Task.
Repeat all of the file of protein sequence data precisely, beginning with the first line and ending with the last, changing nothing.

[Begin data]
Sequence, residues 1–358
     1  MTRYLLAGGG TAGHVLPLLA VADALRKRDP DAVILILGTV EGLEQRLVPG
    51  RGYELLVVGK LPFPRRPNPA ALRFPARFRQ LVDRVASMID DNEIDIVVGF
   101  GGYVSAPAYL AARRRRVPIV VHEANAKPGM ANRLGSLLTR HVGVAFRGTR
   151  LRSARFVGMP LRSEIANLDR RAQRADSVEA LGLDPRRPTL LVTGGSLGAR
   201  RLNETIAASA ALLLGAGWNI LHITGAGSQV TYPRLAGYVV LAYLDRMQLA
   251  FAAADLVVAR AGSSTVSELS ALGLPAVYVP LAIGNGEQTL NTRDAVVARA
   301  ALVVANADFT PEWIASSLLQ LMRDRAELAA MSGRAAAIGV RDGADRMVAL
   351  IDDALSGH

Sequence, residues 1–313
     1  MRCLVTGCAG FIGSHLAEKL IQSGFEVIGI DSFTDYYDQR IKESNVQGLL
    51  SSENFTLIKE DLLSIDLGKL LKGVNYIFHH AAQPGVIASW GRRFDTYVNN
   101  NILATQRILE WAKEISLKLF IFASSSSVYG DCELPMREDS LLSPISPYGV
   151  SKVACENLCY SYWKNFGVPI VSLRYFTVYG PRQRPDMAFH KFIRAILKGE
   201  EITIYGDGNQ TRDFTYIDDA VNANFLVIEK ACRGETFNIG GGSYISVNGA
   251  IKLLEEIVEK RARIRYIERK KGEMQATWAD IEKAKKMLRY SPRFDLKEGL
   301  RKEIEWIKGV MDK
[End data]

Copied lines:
Sequence, residues 1–358
     1  MTRYLLAGGG TAGHVLPLLA VADALRKRDP DAVILILGTV EGLEQRLVPG
    51  RGYELLVVGK LPFPRRPNPA ALRFPARFRQ LVDRVASMID DNEIDIVVGF
   101  GGYVSAPAYL AARRRRVPIV VHEANAKPGM ANRLGSLLTR HVGVAFRGTR
   151  LRSARFVGMP LRSEIANLDR RAQRADSVEA LGLDPRRPTL LVTGGSLGAR
   201  RLNETIAASA ALLLGAGWNI LHITGAGSQV TYPRLAGYVV LAYLDRMQLA
   251  FAAADLVVAR AGSSTVSELS ALGLPAVYVP LAIGNGEQTL NTRDAVVARA
   301  ALVVANADFT PEWIASSLLQ LMRDRAELAA MSGRAAAIGV RDGADRMVAL
   351  IDDALSGH

Sequence, residues 1–313
     1  MRCLVTGCAG FIGSHLAEKL IQSGFEVIGI DSFTDYYDQR IKESNVQGLL
    51  SSENFTLIKE DLLSIDLGKL LKGVNYIFHH AAQPGVIASW GRRFDTYVNN
   101  NILATQRILE WAKEISLKLF IFASSSSVYG DCELPMREDS LLSPISPYGV
   151  SKVACENLCY SYWKNFGVPI VSLRYFTVYG PRQRPDMAFH KFIRAILKGE
   201  EITIYGDGNQ TRDFTYIDDA VNANFLVIEK ACRGETFNIG GGSYISVNGA
   251  IKLLEEIVEK RARIRYIERK KGEMQATWAD IEKAKKMLRY SPRFDLKEGL
   301  RKEIEWIKGV MDK